The theme of this year’s Texas Nonprofit Summit was
“Inspiring Allies and Impact.” This was the first time in the past several
years that I was able to attend and give the content my undivided attention.
The opening Keynote was offered by Dr. Tererai Trent, whose testimony of
escaping a remote village in Zimbabwe to obtain her Ph D. and found Tinogona, a nonprofit dedicated to
constructing schools in Africa, brought tears to many attendees eyes.
- On the need for nonprofit collaboration: “It takes two rocks
to kill head lice.”
- On nonprofits competing for funds: “When two elephants
fight, the grass loses.”
She concluded her speech with perhaps the most memorable
quote of the summit, exclaiming “Nonprofits defy everything because we want
meaning in other people’s lives.”
The first breakout session I attended focused on peer to
peer fundraising, and how to harness the power of supporters and followers.
While conceptually the session was interesting, and reminded me to use more
multimedia components like photos, videos, and infographics, I felt like the
tools and content really were targeted toward a larger organization with more
than a one person development office. Does my organization have a large enough
following to implement a peer to peer fundraiser? Probably not. Do I have the
time or resources to create a mobile app or online donation applications? No.
Nonetheless, I was inspired to spend more time implementing our website and to
better tell my organization’s story.
I then attended a session directed by Rachel Armbruster, who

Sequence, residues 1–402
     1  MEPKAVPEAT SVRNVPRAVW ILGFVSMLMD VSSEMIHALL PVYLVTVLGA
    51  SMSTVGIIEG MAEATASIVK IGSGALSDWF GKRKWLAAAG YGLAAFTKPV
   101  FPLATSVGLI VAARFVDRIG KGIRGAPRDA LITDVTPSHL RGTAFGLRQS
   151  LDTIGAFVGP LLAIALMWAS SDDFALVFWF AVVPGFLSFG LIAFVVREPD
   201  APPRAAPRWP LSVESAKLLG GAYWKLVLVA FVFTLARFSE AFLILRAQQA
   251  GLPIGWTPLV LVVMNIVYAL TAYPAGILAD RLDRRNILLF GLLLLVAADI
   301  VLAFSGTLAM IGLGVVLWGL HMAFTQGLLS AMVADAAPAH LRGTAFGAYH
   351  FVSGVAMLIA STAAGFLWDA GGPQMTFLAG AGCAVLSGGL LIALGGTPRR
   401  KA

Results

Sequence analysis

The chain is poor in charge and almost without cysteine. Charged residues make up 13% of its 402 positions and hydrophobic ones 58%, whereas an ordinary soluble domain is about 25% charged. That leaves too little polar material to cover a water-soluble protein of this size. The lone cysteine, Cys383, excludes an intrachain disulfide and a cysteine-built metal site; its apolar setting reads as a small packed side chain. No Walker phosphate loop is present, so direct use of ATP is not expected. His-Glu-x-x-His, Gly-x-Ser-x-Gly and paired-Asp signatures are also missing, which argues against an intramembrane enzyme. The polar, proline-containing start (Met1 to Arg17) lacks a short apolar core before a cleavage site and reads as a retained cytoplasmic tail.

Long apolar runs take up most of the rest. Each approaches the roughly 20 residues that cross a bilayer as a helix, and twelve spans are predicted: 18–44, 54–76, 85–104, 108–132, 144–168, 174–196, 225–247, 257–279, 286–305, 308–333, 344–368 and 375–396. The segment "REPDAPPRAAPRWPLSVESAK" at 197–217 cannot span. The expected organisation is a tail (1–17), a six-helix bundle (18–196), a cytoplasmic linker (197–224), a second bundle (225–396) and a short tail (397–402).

is best known for her direction on the Lance Armstrong Foundation’s yellow
bracelet campaign with corporate partner Nike. Not conincidentally, the session
discussed how to best foster corporate relationships and collaborate with corporations
to raise revenue and organizational awareness. She was unsurprisingly full of
insight, stressing flexibility and the need to court corporations rather than
ship materials to them and hope for the best (something I know I’ve been guilty
of). She encouraged implementing networking opportunities and relationships
stemming from board members and existing partners. A bulk of the session
discussed what attracts corporate partners, from volunteer programs and
innovative practices to integrate staff with charity initiatives, to how to
show partners that their investment is worthwhile and valuable. She also
stressed the importance of making opportunities and programs
web-accessible….another item for the to do list. I also attended a few other
sessions and film screening covering data metrics and outcomes management.
So what were my biggest takeaways from the conference?
USE YOUR WEBSITE AS A TOOL. Every session
stressed the increased time people spend on social media, mobile apps, and the
internet. There are tons of opportunities online to reach new audiences and
increase awareness for your organization. Put as much information online as
possible, and begin to engage online.
METRICS MATTER. It isn’t enough to offer great
programming and mission focused services. Now, donors have a wide array of
organizations competing for their dollar, and they are seeking the biggest and
most tangible impact for their buck. Organizations need to track progress, make
changes to services not offering substantial impact, and be ready to show
donors successes (and failures) of programming.
DON’T PUT YOUR EGGS IN ONCE BASKET. It isn’t
enough to have a thriving individual donor base anymore. Corporations, grants,
individual donors, third party fundraisers, and other supporters all need to be
integrated into a healthy development plan. Grant funders and donors are
looking for sustainability, and the better an organization can prove this, the
more likely they are to be supported.
RELAX. Everyone is in the same boat as you.
While the American Cancer Society and Charity Water are touted as wonderful
examples for charities to live by, most organizations are small shops, where everyone works hard and doesn’t cross off everything on their to do
list before they go home.